I’m writing this while horseback on the breaks high above the flood waters of the snowmelt swollen Salmon River. My kids got me this cool folding keyboard that attaches to my phone and fits nicely in my saddle bag. The juxtaposition of tech with the old worn leather of my gear amuses me, but it’s nice to be able to write my weekly missive and be out here.
Cowgirl/daughter Linnaea just joined me this morning up here, and we trailed beeves together, gaining elevation from our riverside cow camp this frosty morning. It rained much of the night in camp; I was grateful for the rainfly we put up, as I wasn’t planning on pitching a tent. As it was, I just unrolled my bed roll under the cook tarp and slept snug and dry.
After getting licked awake at 5:30A by my border pups, Gyp and True, I threw together a hasty breakfast on the camp stove, saddled up, gathered beeves and started them up the mountain. We enjoyed a nice backdrop of misty canyon walls frosted by new snow on the rim.
The cattle were ready; they wanted breakfast as well after the 10 mile walk from the home ranch to Camp 1 yesterday. They put their heads down in the deep green as soon as we left the bedding ground.
Here, on the lowest part of the summer grass range, the vegetative diversity is astounding. Everything from desert saltbrush and prickly pear cactus to bluegrass and ryegrass grows here, and the beeves sample all of it. This salad bar commences the long summer journey, and the beeves by fall will log nearly 600 miles of slow-moving grazing across 70 square miles of certified organic wildlands. Together cowboys and cowgirls and the herd will climb over 3000 feet and travel through four ecological biomes.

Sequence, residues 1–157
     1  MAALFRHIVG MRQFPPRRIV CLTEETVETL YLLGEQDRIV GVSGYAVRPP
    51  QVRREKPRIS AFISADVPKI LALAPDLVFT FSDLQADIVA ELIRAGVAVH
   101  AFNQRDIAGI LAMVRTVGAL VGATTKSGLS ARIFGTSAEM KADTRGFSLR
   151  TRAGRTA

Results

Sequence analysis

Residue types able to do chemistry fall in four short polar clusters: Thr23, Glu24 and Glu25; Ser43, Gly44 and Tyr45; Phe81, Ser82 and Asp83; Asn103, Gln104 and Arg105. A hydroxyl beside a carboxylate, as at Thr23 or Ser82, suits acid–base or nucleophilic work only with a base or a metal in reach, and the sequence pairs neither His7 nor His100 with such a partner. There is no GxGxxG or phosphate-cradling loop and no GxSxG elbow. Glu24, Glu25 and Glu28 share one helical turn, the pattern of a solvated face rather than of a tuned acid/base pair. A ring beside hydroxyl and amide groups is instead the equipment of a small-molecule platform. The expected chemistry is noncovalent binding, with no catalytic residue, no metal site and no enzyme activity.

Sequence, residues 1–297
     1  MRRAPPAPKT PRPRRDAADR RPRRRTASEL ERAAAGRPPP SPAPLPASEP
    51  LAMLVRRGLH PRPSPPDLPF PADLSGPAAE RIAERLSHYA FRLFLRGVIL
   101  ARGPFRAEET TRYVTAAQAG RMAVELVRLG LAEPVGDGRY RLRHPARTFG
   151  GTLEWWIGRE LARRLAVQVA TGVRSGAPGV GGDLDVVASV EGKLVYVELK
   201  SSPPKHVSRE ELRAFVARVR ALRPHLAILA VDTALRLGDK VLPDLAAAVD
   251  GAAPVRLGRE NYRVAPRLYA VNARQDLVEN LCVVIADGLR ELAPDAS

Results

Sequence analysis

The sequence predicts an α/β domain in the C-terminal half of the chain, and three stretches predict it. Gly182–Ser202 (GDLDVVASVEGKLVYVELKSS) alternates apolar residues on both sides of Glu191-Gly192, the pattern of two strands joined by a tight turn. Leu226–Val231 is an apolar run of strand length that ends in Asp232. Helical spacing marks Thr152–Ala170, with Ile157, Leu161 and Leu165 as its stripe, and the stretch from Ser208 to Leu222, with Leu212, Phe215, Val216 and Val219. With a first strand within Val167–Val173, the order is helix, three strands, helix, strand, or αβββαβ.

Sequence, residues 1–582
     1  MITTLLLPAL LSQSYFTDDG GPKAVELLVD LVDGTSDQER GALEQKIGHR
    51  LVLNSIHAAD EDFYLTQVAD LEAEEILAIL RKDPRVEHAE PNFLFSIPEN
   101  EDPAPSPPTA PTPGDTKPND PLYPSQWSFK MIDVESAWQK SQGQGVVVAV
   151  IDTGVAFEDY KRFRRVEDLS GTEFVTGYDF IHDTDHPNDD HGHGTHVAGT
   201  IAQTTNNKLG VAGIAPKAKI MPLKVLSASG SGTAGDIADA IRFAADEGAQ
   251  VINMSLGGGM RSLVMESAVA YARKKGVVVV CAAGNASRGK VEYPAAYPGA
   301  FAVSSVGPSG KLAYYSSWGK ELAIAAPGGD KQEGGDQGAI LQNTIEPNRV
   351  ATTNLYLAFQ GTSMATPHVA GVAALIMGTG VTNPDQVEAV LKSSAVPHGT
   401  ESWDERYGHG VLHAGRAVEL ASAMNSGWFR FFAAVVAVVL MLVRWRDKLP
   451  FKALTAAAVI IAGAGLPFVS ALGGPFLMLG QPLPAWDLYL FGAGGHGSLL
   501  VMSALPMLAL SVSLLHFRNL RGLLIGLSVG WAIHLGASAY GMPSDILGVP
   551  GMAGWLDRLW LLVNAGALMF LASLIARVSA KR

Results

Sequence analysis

To the observer, there’s always intrigue on the wild range landscape. Yesterday’s was a blood curdling scream from on high above the river canyon as two bald eagles locked talons with each other and free fell in a terrific courtship display, finally releasing just before they hit the ground.
Then there was the discovery of hundreds of wild morel mushrooms around our river bottom camp; the intrigue tonight should be a gastronomic one. In addition, this morning Linnaea and I dug and gathered some bitterroot from the desert floor in hopes of finding out why the Lemhi Shoshoni thought it a delicacy. It is drying in this afternoon’s warm sun and should be ready for us to sample its charm tonight around the cook fire. The red pith of the upper root was said by the ancient natives to provide its eaters relief from bear attacks. I’m all for that.
These sights and flavors from the range are ones that I wish I could share with each of you first hand on horseback or around my fire. Alas, the flavor that we serve up to you in steak and roast will have to do. And it does quite well, I think. Because wild food always brings with it more than flavor. When I eat wild salmon, my mind’s eye goes right to the Alaskan coast from which it came. And so it is with bison, elk or deer.
Unlike most beef, Alderspring’s has flavor that is distinctive of these wild central Idaho mountains. I’ve tried well-raised beef from friends in the Great Plains. It was delicious, but it was different than ours. Real food has flavor that reflects the soils and the plants where it was raised.
Speaking of flavor and dinner, the beeves are getting up from their afternoon siesta. It’s time for me to put writing down and step back into stirrup to shepherd the cattle on their gastronomic journey.
Thanks for letting me share our passion for wild landscapes and the food that comes with them. Happy trails.